+27 (0)82 4000 470 rob@robcaskie.com

One of my early travel objectives was to drive the Alaska/Canada Highway, known more specifically as the AlCan. Initially the many fuel and oil drums left along the way provided the humorous nickname of OilCan Highway. After driving the beautiful 2500km route, I returned south using the Alaska Marine Ferry system, disembarking at Price Rupert in Canada. Yesterday during the Zodiac cruise, an elderly lady mentioned that she was at school with a fellow whose uncle worked on the AlCan. I responded how impressed I was, since it was built in 1942 (80 years ago). She was horrified and immediately said he must have been lying. It created much mirth on the boat. Twenty six years later I find myself fortunate enough to be travelling this magnificent coastline, in vastly different circumstances on luxury cruise ships. Skagway and Haines are 23km apart by sea, but 580km by road, making the waterways so convenient. Opportunities afforded now to visit places like Glacier Bay and Misty Fjords of course were not an option for me back then.

This season will afford the opportunity to experience seasonal changes, the snow melting, the salmon running and just how Alaska hereabouts depends almost wholly on the cruise ship industry. Given very little sport/recreational fishing over past two years provides much speculation as to how fish populations may have responded. This vast land of forests, mountains, glaciers, rivers and wildlife certainly has an appeal all its own. Huge numbers of mosquitoes and biting flies are less appealing. Thankfully Sea Otters (The Old Men of the Sea) have bred up since their numbers were decimated by the pelt traders. Sea Otters have the densest fur on Earth, which has to be kept extremely clean to ensure the animals retain their body warmth in these cold waters.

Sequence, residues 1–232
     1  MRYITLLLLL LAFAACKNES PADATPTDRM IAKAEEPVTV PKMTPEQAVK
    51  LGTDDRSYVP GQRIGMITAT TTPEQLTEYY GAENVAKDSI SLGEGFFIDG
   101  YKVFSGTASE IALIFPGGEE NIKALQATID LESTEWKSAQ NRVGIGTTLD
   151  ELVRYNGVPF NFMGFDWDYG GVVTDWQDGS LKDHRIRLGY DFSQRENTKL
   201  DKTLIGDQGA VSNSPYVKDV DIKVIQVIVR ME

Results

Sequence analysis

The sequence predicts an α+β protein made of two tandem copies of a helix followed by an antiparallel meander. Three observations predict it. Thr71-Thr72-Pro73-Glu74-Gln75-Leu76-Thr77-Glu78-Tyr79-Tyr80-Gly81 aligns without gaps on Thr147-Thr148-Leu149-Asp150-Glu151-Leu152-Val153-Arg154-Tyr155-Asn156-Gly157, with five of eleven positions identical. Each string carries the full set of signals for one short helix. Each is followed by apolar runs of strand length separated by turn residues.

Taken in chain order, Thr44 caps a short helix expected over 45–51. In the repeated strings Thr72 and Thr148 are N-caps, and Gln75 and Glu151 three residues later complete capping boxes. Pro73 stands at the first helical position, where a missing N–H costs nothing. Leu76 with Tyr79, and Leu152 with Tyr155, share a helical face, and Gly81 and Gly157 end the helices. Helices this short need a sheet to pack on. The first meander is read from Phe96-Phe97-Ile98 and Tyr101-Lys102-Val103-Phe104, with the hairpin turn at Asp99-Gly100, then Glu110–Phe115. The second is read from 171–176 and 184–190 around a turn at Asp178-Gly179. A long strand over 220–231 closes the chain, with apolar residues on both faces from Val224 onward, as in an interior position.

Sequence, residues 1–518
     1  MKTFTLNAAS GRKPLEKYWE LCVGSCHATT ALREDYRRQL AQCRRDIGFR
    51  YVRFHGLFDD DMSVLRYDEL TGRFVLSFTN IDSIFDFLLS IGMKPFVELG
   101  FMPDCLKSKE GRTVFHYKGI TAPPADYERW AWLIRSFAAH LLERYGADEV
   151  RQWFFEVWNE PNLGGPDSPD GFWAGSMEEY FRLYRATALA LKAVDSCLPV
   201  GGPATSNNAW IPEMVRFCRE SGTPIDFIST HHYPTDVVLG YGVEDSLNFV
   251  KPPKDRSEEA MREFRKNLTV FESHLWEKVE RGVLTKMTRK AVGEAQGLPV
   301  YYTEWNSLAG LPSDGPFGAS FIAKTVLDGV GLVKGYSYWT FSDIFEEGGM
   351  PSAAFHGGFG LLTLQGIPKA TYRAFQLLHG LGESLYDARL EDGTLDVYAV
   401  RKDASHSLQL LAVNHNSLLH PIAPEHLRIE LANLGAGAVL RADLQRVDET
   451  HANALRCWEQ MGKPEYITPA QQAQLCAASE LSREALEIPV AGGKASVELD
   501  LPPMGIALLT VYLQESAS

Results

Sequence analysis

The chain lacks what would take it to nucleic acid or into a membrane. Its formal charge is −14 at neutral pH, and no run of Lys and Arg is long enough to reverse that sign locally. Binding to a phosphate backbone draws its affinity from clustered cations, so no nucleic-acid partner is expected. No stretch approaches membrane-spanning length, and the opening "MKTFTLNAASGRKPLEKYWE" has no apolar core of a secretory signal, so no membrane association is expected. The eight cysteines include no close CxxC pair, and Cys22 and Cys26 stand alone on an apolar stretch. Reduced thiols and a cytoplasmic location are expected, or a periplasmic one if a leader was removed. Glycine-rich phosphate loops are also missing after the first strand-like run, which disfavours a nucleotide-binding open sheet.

There are a number of guests onboard who have sailed up here from the Lower 48, either on power yachts or sailboats. Their experiences are fascinating to listen to, and require some considerable financial commitment. There are many who tell me they have friends with boats, intimating that the responsibilities and maintenance requirements of boat ownership are onerous.

There are a large number of South Africans working onboard, giving good accounts of themselves. The Cruise Director informs me we are the second largest group by country amongst the crew.

The ability generally of other nationalities to speak English never ceases to amaze me. That is one of the many attractions of ship work, the opportunity to work/interact with folks from all over the world. Without exception, they are delightful. We hold the Ukranians close in thought and behaviour daily.

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